Research Projects

Project at a Glance

Project Status: complete

Title: Developing a new methodology for analyzing potential displacement

Principal Investigator / Author(s): Chapple, Karen and Anastasia Loukaitou-Sideris

Contractor: UC Berkeley

Contract Number: 13-310

Research Program Area: Climate Change

Topic Areas: Greenhouse Gas Control, Impacts, Sustainable Communities


In 2008 California passed Senate Bill 375 requiring metropolitan planning organizations (MPO) to develop Sustainable Communities Strategies (SCS) as part of their regional transportation planning process. While the implementation of these strategies has the potential for environmental and economic benefits, rising housing costs and changing neighborhood conditions may compel low-income residents and households to move out of transit-oriented neighborhoods. This out-migration is called “displacement.”

The study examined the relationship between fixed-rail transit neighborhoods and displacement in Los Angeles and the San Francisco Bay Area. The researchers modeled patterns of neighborhood change in relation to transit-oriented development (TOD), and found that TOD is associated with changes in the stability of the surrounding neighborhood, such as increases in housing costs and the loss of low-income households. The research found mixed evidence as to whether gentrification and displacement in rail station areas would cause an increase in auto usage and vehicle miles traveled (VMT). The results support the consideration of displacement in the development of SCSs, and the research also explored the possibility of considering displacement in travel demand models used by the LA and San Francisco MPOs and via off-model tools. Finally, researchers examined the effectiveness of anti-displacement strategies, and the results may be useful for MPOs, local jurisdictions, and communities.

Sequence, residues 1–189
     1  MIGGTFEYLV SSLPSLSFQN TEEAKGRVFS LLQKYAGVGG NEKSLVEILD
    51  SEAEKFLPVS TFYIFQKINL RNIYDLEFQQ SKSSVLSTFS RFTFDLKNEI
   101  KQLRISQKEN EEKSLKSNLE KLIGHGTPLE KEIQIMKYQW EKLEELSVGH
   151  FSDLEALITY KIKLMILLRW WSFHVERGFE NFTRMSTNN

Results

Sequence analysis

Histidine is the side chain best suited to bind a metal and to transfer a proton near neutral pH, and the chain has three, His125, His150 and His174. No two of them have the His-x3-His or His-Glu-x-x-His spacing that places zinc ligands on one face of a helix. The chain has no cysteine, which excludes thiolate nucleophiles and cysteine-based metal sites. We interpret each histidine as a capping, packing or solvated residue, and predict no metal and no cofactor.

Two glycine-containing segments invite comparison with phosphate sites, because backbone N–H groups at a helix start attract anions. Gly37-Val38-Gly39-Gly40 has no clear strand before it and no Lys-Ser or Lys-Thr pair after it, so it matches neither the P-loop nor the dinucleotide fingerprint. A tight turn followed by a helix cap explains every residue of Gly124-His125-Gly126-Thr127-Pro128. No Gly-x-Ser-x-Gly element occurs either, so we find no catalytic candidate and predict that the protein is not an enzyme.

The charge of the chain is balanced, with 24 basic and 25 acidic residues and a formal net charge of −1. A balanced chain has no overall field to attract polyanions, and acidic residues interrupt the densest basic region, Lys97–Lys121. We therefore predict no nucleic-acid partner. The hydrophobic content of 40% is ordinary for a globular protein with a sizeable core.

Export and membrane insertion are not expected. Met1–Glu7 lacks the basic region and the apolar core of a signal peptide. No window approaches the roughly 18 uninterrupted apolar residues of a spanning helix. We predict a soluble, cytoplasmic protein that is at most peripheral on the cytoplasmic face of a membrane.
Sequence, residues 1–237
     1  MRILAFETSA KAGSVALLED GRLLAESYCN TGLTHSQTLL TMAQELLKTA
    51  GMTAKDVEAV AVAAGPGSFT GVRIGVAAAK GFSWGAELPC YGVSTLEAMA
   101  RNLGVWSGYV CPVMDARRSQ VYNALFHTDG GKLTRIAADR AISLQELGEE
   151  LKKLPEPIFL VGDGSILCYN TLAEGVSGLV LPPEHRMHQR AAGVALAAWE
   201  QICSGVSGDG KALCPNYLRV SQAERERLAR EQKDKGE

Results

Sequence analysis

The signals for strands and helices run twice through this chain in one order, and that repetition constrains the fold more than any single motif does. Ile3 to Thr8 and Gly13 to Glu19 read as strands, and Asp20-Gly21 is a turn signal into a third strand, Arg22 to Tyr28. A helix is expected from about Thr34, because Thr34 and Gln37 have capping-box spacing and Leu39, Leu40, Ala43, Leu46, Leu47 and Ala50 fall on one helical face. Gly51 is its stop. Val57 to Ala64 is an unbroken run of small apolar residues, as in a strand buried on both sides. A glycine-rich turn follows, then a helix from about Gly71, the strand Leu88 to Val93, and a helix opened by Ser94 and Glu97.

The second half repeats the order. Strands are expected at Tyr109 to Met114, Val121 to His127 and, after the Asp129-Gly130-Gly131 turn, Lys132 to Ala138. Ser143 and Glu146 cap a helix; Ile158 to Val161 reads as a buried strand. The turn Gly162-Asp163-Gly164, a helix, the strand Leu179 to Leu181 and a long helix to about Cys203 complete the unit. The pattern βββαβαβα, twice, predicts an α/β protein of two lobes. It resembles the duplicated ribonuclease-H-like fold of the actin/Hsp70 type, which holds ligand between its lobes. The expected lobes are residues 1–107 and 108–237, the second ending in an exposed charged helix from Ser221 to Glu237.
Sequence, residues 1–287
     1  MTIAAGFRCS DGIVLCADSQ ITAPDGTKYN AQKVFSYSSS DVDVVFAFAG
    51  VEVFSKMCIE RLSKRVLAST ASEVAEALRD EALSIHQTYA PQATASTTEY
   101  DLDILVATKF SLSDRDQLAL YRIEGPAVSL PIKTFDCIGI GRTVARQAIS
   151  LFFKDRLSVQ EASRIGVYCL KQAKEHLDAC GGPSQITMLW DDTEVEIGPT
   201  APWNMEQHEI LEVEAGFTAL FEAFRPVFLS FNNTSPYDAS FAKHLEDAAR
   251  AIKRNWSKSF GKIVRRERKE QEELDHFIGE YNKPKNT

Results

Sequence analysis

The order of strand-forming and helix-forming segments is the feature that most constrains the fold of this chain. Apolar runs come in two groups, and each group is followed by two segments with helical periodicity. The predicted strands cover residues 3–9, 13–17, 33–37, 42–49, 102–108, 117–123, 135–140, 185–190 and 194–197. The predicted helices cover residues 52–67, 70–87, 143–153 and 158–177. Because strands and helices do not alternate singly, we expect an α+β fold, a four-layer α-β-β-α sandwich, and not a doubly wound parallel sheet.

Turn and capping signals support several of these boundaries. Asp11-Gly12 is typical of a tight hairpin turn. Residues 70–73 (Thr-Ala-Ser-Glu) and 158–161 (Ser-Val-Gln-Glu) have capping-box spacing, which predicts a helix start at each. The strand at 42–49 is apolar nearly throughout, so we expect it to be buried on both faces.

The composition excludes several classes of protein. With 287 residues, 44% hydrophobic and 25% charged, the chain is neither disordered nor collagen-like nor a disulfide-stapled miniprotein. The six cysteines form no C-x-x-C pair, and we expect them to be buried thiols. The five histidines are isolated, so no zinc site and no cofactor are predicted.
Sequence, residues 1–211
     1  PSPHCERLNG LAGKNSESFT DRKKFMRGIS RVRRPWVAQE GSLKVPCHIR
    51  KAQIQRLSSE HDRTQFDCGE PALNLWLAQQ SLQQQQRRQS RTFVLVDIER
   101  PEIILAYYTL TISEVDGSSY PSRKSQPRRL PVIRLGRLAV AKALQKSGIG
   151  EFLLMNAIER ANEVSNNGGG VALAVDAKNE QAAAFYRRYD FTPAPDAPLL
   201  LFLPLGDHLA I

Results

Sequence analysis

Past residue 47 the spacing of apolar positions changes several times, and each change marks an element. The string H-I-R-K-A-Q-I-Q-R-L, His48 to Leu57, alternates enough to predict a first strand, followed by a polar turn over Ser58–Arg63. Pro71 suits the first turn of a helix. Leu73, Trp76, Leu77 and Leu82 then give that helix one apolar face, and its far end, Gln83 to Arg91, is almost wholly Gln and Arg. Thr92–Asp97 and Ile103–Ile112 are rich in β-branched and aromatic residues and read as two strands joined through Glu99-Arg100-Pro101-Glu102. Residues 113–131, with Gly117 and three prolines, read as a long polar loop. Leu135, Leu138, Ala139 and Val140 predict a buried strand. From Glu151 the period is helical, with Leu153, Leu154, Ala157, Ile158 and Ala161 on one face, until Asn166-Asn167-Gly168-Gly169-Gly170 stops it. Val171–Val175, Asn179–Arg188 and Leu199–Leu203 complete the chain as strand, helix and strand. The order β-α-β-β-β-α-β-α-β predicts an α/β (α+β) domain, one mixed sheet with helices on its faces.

For questions regarding this research project, including available data and progress status, contact: Heather Choi at (916) 322-3893

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